The wells above are one mile laterals (5000 feet) with 20 stage fracs. In general, EOG uses 9 million pounds of sand and ceramic coated sand. It also uses 100,000+ barrels of water. EOG's completion technology is a game changer. If this is the reason for out performance, than it can be applied to the Bakken with similar results. The table below provides EOG's well design.

EOG's Completion Design

Well Choke Lateral Proppant Proppant/foot

32473 - 32477

32/64 5499 8-10MM 1637
32636 36/64 4510 8.55MM 1896
32569 40/64 5126 11.16MM 2177
32617 34/64 4111 10.01MM 2435
32536 32/64 3775 5.82MM 1542
35079 34/64 6293 9.53MM 1514
34951 34/64 6373 10.09MM 1583
33141 36/64 6489 10.04MM 1547
33143 36/64 6599 10.12MM 1534
Click to enlarge

The above design uses between 1,500 to 2,400 pounds of sand per foot of lateral length. This is three to five times other operators. Better stimulation provides a larger void to fill with proppant. As EOG improves this technique, we will see larger amounts put down hole. EOG Resources isn't the only operator in this location. During the liquids rich unconventional land grab, several operators focused on this area. Magnum Hunter (MHR), Penn Virginia (PVA), Hunt and Marathon (MRO) are in this leasehold.

Click to enlarge

As a comparison, I have provided well results in the same vicinity as EOG's Gonzales County leasehold. This is not a perfect comparison, as IP rates are not a great indicator of future production. Since all of these operators use a tight choke, it does show how this completion style produces initially. Below is a list of Magnum Hunter wells.

Well IP Rate (Boe/d)
Elk Hunter 1H 1303
Elk Hunter 2H 1514
Elk Hunter 3H 1456
Leopard Hunter 1H 1333
Hawg Hunter 1H 2289
Oryx Hunter 2044
Zebra Hunter 1H 2145
Rhino Hunter 1H 2218
Kudu Hunter 1H 1590
Southern Hunter 1321
Click to enlarge

The above results by Magnum are very good, but it does not compare well to EOG's. It is currently using between 3 and 4 million pounds of sand. Magnum's acreage has EURs of 385 MBoe. EOG's acreage is in the general vicinity, only miles away to the southwest. Penn Virginia's acreage is also nearby. Its EURs in Gonzales County are 460 MBoe, and 590 MBoe in Lavaca. I have listed some of those results in the table below.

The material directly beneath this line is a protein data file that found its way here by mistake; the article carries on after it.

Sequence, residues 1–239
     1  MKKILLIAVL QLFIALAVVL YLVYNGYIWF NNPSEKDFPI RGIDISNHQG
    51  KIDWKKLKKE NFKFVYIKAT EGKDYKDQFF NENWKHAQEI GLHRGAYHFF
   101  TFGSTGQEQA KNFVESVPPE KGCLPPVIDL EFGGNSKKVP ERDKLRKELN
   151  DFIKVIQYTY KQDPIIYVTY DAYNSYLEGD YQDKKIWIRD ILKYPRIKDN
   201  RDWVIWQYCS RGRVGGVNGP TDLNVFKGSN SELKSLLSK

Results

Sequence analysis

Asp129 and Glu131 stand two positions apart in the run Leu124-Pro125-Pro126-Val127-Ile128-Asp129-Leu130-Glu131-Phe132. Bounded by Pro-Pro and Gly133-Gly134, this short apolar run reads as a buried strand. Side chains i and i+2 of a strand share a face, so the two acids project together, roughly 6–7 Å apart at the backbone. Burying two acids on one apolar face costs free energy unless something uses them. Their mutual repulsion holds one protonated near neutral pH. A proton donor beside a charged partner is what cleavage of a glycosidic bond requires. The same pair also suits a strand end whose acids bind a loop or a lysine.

Well IP Rate (Boe/d)
Gardner 1H 1247
Hawn Holt 9H 1877
Hawn Holt 2H 986
Fojtik 1H 1209
Othold 1H 1629
Martinsen 1H 1878
Dubose 2H 864
Click to enlarge

Penn Virginia's results are much like Magnum's. It uses on average 4 to 5 million pounds of proppant for a one mile lateral. It continues to use a very tight choke (16/64). It uses between 90,000 and 100,000 barrels of water. Both are the result of an older completion style. This data shows that Penn Virginia is either not using enough water and proppant or isn't stimulating the source rock as well. EOG is better at stimulating the source rock, especially around the well bore. More and better fractures provide easier flow of resource. Again, Penn Virginia and Magnum have good results, but not as good as EOG. Marathon is also in Gonzales County. Its wells have an IP rate range of 700 to 6,275 Boe/d. This is a very wide range, but recently Marathon had a great completion. Burrow 2H had an IP rate of 4646 barrels of oil, 798 barrels of NGLs, and 5 MMcfd. It used 835,4420 pounds of proppant for a 7,208 foot 27 stage lateral. Marathon estimates for average EURs in its Eagle Ford acreage are 694 MBoe. These wells are 65% oil and 17% NGLs. I hope the Burrow well is a sign of things to come. If it has adopted a completion style that better fracs the shale closer to the well bore, we could see other operators follow suit producing better IP rates and EURs.